April 14-Cabernet Franc

This week, we will be exploring the grape Cabernet Franc! Cab Franc is a parent of more famous Cabernet Sauvignon. It is another of those grapes we refer to as ‘Bordeaux varietals’ because it is approved by French wine officials to be grown in the Bordeaux region. While this grape is commonly blended with other varieties, it can also be made into a single varietal wine. It is used to blend because it ripens earlier than Cabernet Sauvignon, and also has softer features such as tannin and alcohol. In vintages (growing seasons), when Cab Sauv can’t ripen fully, Cab Franc can be used as an insurance policy by being blended in higher amounts to tone down unripe qualities in Cab Sauv wines (rough tannins, green herbaceous notes). Merlot is another grape that is used in the same manner. It is incredibly common to have at least all 3 of these grapes in ‘Bordeaux Blend’ wines, as the grape varieties grow in the same climate. Even when traveling to places such a South Aftrica, Napa or Walla Walla, red blend wines will commonly be referred to as Bordeaux blends because they are a combination of grapes associated with the Bordeaux region.

With my recent trip to Walla Walla, I found a fun way to present this wine variety to you all! The first wine I will discuss is a 2019 Basel Blanc de Franc. This wine is 100% Cabernet Franc but you will notice, it is white! This is because when the grapes are harvested, they are treated like white grape varieties. This means, unlike in red wines, the grapes are pressed immediately then the juice moved to a tank where it is left to ferment on its own. With red grapes, grapes are crushed but do not get drained until later. The juice instead macerates (a fancy word for soaking) with its skins during fermentation. The heat produced during the fermentation process extracts tannins and color from the skin, which creates the color we see in wine. A vast majority of wine grapes have clear juice, so the soaking process is essential for instilling the color in the final product. In rosé, the juice is soaked on the skins for a shorter period of time than with red wines.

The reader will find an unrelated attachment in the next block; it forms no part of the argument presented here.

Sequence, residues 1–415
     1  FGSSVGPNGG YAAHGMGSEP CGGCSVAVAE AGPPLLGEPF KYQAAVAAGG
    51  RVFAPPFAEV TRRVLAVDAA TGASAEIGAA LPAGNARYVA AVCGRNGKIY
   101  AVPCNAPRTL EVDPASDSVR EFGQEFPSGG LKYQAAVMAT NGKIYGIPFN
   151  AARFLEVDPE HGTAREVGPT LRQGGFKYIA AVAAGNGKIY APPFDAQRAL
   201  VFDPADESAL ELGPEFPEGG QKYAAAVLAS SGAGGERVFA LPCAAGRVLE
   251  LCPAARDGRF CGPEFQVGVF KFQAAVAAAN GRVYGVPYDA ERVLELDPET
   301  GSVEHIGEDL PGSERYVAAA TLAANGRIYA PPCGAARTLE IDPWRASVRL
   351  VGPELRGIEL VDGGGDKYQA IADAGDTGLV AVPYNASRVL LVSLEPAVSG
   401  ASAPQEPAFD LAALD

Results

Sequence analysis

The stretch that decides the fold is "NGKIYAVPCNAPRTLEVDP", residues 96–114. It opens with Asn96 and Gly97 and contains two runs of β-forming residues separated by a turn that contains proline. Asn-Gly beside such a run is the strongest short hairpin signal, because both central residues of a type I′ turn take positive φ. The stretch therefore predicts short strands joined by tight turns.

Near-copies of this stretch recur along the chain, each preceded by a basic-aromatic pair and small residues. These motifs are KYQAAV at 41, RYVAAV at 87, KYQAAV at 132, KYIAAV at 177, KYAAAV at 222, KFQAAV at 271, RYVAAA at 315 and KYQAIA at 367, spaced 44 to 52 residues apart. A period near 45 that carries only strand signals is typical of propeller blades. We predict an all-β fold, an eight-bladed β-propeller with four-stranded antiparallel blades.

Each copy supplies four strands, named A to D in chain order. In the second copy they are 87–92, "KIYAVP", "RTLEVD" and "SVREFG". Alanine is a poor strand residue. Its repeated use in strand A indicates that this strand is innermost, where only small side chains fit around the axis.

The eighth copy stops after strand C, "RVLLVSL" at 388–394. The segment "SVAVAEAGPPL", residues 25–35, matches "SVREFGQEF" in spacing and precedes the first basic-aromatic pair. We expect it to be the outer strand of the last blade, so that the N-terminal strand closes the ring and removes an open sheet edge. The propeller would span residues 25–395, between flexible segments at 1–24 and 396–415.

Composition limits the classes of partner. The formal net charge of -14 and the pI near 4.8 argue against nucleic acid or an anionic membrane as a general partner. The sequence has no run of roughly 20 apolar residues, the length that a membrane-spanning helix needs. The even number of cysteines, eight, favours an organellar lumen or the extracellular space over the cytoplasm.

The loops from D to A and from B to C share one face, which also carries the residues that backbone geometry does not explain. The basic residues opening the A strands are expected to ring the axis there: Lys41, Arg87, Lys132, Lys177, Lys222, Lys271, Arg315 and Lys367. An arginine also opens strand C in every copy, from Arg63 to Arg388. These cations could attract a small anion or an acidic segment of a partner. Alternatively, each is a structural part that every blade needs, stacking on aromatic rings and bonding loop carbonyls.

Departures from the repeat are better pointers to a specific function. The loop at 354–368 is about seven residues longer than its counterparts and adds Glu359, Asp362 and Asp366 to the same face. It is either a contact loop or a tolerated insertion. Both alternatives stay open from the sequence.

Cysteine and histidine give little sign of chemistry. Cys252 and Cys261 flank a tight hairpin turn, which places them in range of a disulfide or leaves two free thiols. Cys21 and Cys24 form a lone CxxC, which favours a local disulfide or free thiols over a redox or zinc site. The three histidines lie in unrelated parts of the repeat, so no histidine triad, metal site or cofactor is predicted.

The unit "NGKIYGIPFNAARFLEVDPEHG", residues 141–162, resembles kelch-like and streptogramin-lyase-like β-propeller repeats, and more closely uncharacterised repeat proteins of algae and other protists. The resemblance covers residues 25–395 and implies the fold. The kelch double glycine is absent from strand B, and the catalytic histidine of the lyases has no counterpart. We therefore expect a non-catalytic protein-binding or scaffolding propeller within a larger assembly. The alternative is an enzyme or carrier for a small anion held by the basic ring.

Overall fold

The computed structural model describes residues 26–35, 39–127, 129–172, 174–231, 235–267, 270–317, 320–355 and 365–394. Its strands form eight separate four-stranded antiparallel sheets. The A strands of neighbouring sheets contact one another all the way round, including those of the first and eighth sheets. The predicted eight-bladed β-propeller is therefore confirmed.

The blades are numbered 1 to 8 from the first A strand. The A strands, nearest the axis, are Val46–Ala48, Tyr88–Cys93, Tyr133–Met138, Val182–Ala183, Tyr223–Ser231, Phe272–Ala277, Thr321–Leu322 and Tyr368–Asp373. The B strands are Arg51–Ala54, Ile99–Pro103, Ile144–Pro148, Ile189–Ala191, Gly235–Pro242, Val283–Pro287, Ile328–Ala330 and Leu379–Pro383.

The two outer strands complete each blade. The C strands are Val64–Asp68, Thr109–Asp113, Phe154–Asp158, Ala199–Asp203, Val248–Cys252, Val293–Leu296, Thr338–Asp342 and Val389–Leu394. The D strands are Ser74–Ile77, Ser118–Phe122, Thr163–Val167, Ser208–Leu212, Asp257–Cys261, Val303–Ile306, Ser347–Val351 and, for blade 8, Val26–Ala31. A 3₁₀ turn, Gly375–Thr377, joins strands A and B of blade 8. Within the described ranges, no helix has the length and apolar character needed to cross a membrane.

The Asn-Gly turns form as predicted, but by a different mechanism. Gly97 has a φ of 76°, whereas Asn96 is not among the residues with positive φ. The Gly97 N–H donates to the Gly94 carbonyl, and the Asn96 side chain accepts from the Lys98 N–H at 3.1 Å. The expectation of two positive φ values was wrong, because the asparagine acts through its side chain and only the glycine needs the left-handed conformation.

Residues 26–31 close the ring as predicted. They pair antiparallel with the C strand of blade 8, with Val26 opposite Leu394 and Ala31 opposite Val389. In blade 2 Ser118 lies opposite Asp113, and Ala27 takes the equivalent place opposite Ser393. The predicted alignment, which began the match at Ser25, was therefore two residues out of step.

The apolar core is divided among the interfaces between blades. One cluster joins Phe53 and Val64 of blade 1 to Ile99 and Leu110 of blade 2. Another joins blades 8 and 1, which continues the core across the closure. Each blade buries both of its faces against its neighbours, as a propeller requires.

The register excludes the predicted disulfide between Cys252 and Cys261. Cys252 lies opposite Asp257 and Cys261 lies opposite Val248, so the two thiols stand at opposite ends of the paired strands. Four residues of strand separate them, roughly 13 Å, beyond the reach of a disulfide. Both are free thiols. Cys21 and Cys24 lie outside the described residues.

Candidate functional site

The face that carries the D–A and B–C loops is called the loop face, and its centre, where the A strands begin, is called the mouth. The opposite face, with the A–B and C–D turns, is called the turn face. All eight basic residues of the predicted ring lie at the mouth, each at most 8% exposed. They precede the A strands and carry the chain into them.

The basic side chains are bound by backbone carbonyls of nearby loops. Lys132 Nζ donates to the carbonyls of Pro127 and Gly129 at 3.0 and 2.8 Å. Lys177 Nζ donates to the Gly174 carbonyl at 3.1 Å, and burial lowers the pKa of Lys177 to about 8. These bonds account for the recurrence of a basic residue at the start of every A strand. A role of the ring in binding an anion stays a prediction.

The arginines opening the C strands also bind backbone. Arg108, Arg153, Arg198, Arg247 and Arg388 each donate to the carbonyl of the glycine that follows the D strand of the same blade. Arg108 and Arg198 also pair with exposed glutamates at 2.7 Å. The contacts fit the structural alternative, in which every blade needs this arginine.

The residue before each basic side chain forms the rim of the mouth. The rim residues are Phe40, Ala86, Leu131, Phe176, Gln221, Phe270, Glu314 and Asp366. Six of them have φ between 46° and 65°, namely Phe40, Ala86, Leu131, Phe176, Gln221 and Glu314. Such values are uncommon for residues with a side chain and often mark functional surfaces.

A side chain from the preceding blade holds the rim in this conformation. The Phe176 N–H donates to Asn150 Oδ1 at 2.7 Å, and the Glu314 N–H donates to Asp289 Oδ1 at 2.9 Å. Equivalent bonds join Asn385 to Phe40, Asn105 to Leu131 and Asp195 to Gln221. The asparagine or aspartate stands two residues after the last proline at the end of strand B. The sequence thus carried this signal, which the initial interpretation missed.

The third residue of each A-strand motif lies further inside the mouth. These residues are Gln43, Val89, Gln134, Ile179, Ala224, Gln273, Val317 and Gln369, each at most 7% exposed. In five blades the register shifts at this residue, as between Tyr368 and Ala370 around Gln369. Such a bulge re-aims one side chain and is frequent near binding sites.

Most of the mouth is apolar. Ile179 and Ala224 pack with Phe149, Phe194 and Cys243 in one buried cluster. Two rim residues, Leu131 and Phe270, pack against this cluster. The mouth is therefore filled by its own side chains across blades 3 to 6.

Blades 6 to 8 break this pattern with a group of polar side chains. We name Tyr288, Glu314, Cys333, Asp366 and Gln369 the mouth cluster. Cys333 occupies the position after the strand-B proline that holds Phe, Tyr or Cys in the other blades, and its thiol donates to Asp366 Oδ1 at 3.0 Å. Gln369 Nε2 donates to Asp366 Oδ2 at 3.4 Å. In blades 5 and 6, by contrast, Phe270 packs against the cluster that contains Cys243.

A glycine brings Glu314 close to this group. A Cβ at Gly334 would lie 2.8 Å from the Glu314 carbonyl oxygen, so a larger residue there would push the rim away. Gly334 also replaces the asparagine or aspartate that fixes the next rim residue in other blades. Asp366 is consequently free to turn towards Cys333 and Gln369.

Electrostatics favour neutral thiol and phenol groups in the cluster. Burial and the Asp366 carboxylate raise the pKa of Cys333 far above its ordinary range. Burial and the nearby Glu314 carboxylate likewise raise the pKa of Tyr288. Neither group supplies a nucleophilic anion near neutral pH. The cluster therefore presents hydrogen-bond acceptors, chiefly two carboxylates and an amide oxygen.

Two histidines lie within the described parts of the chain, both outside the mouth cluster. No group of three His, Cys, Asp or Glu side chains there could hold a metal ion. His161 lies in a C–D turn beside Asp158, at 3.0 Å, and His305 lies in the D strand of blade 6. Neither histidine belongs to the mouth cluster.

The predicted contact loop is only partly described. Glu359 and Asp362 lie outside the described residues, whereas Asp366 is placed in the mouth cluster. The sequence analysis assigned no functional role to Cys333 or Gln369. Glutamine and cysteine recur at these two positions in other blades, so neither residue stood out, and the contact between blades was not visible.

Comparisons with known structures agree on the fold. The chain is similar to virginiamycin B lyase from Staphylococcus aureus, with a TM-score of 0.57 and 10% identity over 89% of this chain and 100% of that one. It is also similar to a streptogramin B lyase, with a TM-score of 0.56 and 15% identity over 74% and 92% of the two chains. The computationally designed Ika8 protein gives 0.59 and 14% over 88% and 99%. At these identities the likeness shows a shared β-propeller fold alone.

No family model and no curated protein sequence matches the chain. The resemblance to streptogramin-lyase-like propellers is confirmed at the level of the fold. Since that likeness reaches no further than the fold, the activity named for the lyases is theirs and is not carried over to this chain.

Blanc de Franc was first made by an Oregon winemaker as a nod to a sparkling wine from Loire Valley, France, that is made predominantly from Cab Franc, without time on those aforementioned grape skins. If I was not told the Basel Cellars version was Cab Franc, I never would have known what the glass of clear pale liquid was! It smelled of lemon pith, lime juice, pineapple, white grapefruit and wet stone. When I tasted it, I was surprised to find a nicely acidic, medium body wine that would pair nicely with fresh seafood on a warm summer day! The flavors of white grapefruit, lemon juice, white peach and minerality, would pair nicely with shrimp or white fish and mango salsa.

The second version I tried was a more traditional 2016 Basel Cab Franc. This glass was your standard medium brickish ruby. The nose had aromas of smoke, vanilla, butterscotch, red cherries, and cinnamon. Upon tasting it, this medium bodied wine had medium acid and alcohol, with flourishes of vanilla, toast, red cherries, red currants, and butterscotch chips. This lovely wine lingered in my mouth and made me think of spicy lasagna or a red sauced veggie lasagna, both served with an arugula and goat cheese salad! 


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